ARTICLE

'For the Love of Cities' author gives community building advice

Getting citizens to love their city doesn't seem so hard when you listen to Peter Kageyama.

The author of "For the Love of Cities" offered vibrant examples of successful civic engagement strategies during a speech Thursday at the Cedar Rapids Area Convention & Visitors Bureau's annual meeting luncheon.

Kageyama, of St. Petersburg, Fla., was a technology and marketing consultant who shifted to economic development after being inspired a decade ago by author Richard Florida's writings on the creative class and creative economy. Kageyama's interests focused on "bottom-up community development" in cities. He founded the Creative Cities Summit, which has been held once each in St. Petersburg, Fla., Detroit, Mich. and Lexington, Ky.

Kageyama said most cities try to respond to their citizens by answering their complaints, but a Gallup survey of community attitudes toward cities found that 40 percent of city residents consider themselves "unattached" to their community. Another 35 percent of city residents view themselves as neutral, and 24 percent consider themselves attached.

"We've sort of reduced our civic engagement down to pothole-filling," said Kageyama, of St. Petersburg, Fla. "You get no love for filling potholes."

Kageyama delivered a rundown of public art projects, public events, and even guerrilla civic improvement campaigns that put cities in the headlines and closer to the hearts of their residents.

The examples were almost universally fun. They included artist Candy Wong's use of sidewalk messages like "It's Good to be Here" and sticker boards that said "I Wish This Was ..." to inspire New Orleans residents during the recovery from Hurricane Katrina.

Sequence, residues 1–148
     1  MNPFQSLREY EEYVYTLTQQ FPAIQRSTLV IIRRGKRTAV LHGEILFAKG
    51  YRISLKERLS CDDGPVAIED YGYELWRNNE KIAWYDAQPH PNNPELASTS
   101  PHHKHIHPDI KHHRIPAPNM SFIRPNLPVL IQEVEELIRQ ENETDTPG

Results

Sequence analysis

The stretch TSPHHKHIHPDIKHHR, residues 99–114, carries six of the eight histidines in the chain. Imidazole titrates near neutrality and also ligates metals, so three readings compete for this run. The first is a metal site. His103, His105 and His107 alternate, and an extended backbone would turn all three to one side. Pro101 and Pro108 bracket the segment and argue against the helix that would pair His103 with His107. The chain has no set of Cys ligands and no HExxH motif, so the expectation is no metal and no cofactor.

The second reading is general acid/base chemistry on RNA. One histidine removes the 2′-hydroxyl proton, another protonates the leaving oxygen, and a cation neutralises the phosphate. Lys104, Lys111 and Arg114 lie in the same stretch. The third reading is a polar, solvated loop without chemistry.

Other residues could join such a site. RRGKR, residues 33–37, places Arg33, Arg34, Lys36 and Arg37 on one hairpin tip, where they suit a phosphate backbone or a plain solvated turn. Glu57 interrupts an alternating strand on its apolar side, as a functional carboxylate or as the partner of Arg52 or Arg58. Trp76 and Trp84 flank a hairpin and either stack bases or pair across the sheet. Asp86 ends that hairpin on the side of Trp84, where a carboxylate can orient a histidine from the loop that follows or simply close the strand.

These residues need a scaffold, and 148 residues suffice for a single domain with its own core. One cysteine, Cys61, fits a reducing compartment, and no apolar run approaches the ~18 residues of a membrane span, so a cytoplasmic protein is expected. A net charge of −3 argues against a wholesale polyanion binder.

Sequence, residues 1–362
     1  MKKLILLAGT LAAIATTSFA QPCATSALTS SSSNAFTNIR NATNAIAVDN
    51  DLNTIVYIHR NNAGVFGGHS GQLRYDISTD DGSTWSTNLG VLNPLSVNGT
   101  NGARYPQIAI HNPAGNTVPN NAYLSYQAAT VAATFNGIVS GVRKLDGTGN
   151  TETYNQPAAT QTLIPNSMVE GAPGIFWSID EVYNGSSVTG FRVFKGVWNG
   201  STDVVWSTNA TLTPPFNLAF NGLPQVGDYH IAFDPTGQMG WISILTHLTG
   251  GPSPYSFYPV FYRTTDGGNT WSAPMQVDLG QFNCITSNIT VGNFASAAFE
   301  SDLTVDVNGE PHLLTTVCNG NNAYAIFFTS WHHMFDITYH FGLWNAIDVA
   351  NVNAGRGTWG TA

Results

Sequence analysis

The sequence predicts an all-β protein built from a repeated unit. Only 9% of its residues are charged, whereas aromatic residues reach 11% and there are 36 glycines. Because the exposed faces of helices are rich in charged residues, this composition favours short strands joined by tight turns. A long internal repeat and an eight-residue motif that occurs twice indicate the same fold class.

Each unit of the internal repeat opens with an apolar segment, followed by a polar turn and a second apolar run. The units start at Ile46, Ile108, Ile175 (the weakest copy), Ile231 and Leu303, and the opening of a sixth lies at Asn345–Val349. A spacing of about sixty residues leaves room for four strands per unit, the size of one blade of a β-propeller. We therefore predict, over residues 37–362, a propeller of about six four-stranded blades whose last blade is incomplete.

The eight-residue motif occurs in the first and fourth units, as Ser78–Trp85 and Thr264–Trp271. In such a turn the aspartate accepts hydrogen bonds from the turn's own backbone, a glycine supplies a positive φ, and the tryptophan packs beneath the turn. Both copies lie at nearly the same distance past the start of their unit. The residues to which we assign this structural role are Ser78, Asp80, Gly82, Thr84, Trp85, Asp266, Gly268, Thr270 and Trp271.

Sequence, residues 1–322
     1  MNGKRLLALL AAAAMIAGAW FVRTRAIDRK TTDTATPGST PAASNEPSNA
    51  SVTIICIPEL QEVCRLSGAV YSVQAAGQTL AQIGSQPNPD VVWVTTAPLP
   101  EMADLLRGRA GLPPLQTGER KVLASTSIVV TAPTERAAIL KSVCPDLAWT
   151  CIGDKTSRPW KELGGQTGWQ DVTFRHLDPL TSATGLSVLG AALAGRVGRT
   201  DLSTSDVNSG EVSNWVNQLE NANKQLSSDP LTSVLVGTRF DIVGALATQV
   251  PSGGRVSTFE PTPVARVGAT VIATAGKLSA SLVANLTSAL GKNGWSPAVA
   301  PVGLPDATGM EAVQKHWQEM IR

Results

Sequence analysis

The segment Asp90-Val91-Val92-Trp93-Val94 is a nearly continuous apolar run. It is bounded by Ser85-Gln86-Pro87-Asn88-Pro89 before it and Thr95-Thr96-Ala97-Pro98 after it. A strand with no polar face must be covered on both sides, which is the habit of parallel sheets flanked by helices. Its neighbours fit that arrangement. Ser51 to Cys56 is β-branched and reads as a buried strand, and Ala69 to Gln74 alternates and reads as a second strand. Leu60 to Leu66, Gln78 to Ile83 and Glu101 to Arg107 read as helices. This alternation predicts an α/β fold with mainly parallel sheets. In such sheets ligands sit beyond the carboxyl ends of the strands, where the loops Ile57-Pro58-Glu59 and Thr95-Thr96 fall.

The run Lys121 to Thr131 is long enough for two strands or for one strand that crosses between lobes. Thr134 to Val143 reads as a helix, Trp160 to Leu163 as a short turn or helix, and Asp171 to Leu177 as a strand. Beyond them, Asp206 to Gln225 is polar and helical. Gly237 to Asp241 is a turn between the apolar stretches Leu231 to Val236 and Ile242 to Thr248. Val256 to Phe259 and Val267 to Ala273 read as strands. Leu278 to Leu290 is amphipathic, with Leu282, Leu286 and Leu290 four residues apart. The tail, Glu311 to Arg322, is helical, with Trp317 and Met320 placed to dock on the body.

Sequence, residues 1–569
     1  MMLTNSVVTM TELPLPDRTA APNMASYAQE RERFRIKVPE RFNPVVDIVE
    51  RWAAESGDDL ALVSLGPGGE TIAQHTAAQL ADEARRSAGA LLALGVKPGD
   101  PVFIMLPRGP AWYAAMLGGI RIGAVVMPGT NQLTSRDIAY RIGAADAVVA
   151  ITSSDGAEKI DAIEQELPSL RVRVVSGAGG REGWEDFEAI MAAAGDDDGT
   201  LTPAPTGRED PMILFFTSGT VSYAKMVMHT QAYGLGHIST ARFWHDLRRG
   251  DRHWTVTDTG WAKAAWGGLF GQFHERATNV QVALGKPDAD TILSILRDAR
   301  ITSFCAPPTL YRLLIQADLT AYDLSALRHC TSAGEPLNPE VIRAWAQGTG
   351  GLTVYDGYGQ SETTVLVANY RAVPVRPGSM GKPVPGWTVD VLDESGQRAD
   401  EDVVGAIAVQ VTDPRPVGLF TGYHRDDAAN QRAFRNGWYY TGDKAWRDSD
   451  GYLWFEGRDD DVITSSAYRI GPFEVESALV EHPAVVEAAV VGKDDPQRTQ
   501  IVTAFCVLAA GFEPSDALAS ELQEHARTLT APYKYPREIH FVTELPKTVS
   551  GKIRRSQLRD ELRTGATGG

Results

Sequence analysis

Kageyama was inspired by a Detroit resident who launched a social media campaign that raised money for the city ton install a "RoboCop" sculpture to commemorate the city's role in the film of the same name

"We've got to let our hair down and be willing to play with our cities," he said.

The role of "creatives" in civic engagement should be fostered and encouraged, Kageyama said. He compared creatively inspired citizens to the 1 percent of Wikipedia users who actually contribute content to the free online reference site, and suggested that cities could boost civic engagement by boosting the number of creative contributors by even a modest amount.

"They're the people who are in love with these cities," he said.

Civic engagement improves when cities are more walkable, bikable, and dog-friendly, Kageyama said. Farmers markets like the one St. Petersburg are one of the other things that make people feel more attached and connected to their city.

"I always say, this is where St. Petersburg meets itself," Kageyama said of the St. Petersburg farmers market.

Kageyama will speakFriday, Nov. 11,atTEDx Iowa City. He has been impressed by the engagement of Cedar Rapids residents during the recovery from the record flooding of June 2008, he said, and will share what he's seen with other cities.

"Almost to a person, everybody has said the flood actually did something amazing for us we're doing things now we never would have dreamed of doing before," Kageyama said. "Everybody is so forward-looking and so energized."

He told the audience, "you guys are part of the narrative now of "Loving Cities."

Kageyama has long been friends with Cedar Rapidians Andy Stoll and Amanda Styron of SEED HERE, whom he offered as examples of creative civic contributors. He described Stoll as "my brother from another mother."

While he been busy promoting his book, but may convene one more Creative Cities summit, on a smaller scale than the previous three.

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